Hunger  in  Israel 

The price of terrorism is more staggering than many people realize.             
Thirty percent of Israel's children are currently living below the poverty line.
Find out about this situation and real ways you can help right now.               

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Find out about poverty in Israel and the costs of terror   Do Something Now
to help feed Israel's
Hungry Children
and their families



Poverty is no stranger in Bet-El.  It is easy to see it here -
 staring starkly in one's face.  There are around 1000 families in Bet 
El.  Two hundred families live in caravans - temporary trailer homes 
that are made of wood and paper.  The rain pounds on the tin roofs, the 
walls get soaked with water, and the mattresses get ruined from mildew.
In the winter, they are damp and cold.  In the summer, they are 
sweltering hot.  Most people do not have air-conditioning - who can 
afford the electricity?  In other settlements around the country, 
terrorists have easily penetrated these flimsy housing quarters.  In 
the case of a terrorist attack, G-d forbid, families living in these 
little mobile homes are advised to leave their homes as quickly as 
possible and to take refuge in the closest stone building.  Most of the 
families living in these conditions are new immigrants from India, 
Peru, Ethiopia, and Russia, young couples, and large families without 
the means to improve their situation because they cannot take upon 
themselves a mortgage payment.  
Every Rosh Chodesh our Community Aid Fund gives out food packages to 
around 50 families.  There are 100 heads of households desperately 
looking for work in Bet El either because they do not have any work or 
because they are seeking to supplement an existing meager income.  
These packages are basic staples.  Each package typically contains one 
package of flour, one package of sugar, some canned goods, a bottle of 
wine, and if they are lucky - something sweet for the children.  
Lately, there are not enough funds so there are not enough food 
packages for the families.  Before the holidays, the families also get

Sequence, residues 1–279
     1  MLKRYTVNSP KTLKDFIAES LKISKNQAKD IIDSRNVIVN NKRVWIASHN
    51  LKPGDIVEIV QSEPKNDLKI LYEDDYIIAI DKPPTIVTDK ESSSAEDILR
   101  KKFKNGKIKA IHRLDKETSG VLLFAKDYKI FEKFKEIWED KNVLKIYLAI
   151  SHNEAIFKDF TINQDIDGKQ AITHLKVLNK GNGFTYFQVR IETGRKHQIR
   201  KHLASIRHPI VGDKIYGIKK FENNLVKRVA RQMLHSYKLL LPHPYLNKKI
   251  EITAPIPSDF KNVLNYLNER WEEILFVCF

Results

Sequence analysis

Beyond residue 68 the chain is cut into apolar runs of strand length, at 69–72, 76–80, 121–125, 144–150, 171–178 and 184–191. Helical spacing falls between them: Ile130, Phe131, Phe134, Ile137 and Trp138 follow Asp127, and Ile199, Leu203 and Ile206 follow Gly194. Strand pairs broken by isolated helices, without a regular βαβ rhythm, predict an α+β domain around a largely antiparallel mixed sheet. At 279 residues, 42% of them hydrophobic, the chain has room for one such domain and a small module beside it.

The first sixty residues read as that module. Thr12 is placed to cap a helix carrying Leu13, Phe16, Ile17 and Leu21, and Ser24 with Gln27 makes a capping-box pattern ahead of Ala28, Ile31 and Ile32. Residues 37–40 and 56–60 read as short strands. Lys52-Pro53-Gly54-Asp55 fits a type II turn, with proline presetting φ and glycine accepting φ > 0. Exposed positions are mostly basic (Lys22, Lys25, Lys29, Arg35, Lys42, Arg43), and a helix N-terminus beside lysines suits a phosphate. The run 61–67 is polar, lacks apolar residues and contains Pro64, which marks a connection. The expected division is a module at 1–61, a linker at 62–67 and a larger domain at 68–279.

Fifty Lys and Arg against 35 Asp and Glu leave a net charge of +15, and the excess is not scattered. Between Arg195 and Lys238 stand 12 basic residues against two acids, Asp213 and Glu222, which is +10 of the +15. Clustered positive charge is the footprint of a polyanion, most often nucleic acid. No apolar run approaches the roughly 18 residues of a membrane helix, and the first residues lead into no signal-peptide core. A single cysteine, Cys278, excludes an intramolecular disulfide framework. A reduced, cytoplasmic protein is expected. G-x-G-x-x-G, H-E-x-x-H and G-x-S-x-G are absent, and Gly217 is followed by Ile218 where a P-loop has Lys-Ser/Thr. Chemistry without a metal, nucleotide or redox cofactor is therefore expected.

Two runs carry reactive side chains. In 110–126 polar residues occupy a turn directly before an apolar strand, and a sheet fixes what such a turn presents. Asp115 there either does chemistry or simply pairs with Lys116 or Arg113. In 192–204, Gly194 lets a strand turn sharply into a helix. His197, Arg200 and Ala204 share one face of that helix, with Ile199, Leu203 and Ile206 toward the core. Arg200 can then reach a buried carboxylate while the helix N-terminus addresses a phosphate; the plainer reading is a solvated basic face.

potatoes and other vegetables.  Sometimes the families also get frozen 
In Ulpenat Raaya - our local girls' high school where I work - and in 
Yeshivat Bnei Tsvi - one of our local boys' yeshiva high schools - the 
leftover food from lunch ( the main meal) is collected everyday by our 
pupils in new plastic containers and distributed daily to needy 
families by volunteer families.  We buy the plastic containers and use 
new ones everyday to avoid food contamination and so that the families 
will receive the leftovers in a dignified fashion.  The plastic 
containers cost around a shekel each.  We use between 10 and 15 a day.  
The money comes from donations and this beautiful community project is 
in constant danger of ending because of lack of funds for the plastic 
The leftovers from simchas are distributed to needy families in Bet El.
It is always easy to find people who are happy to take the leftovers.
Everyday, needy families come to pick up leftover rolls, bagels, and 
pittas from the day before.  We also personally distribute.
Our secondhand store is suffering from the economic crisis.  People are 
really hanging onto their clothes and our store is full of "shmattas".
There are families who try to do all their clothing shopping secondhand 
since every item costs only a few shekels.  We are VERY worried about 
the quality of the merchandise in the store.
A simcha in a family can be a time of stress and undue anxiety because 
of the financial burden.  Three years ago we set up a registered non-
profit fund called "BELAVE SAMAACH" - "With Joy" - which helps families 
make modest simchas.  Our spiritual adviser is Rabbi Shlomo Aviner and 
his wife, Shifra, is on the Board.  Over the years, we have helped 
families with thousands of dollars.  Our main source of income is a 
thrift shop where we sell ANYTHING new at low prices.  Thus we benefit 
our customers who are able to buy with dignity high-quality merchandise 
at very cheap prices and - our fund.  
Recently we helped fund the wedding of a young Indian couple (from the 
community of Bnei Menashe believed to be one of the lost Ten Tribes).  
The young man is a soldier serving in the IDF and the young woman is 
completing her matriculation exams because she wants to study nursing.  
Before the young soldier got to us, he had planned to take out a huge 
loan to pay for the wedding - simple as it was to be.  With our help, 
this young couple can securely look forward to the future without the 
burden of debts.
We also recently paid for the wedding of a young girl who had grown up 
in a foster family in Bet El since kindergarten.  The young couple set 
up their household in Bet El and G-d willing, they will build a 
beautiful home of joy and love.
We would be delighted to receive donations. Tax-deductible checks can 
be made out to One Israel Fund.  On the back of the check, please cite 
Food for Bet El c/o Ora Levy or BELAVE SAMAACH c/o Ora Levy.  My home 
address is:  Ora Levy
             Bet El
             P.O.B. 1113
             D.N. Mizrach Benyamin
My home phone number is 02-9973545 and my cellphone is 052-404938.
We would be happy to pick up factory surpluses, store merchandise, and 
anything new that you just do not care for in your home.  We often get 
donations of wedding gifts that young couples cannot use but would like 
to donate.  It is amazing to see how every item finds a welcoming home 
and brings much joy to people living in Israel.
Thank-you for your concern, your caring, your encouragement, and 
support.  We need your love to continue.
Ora Levy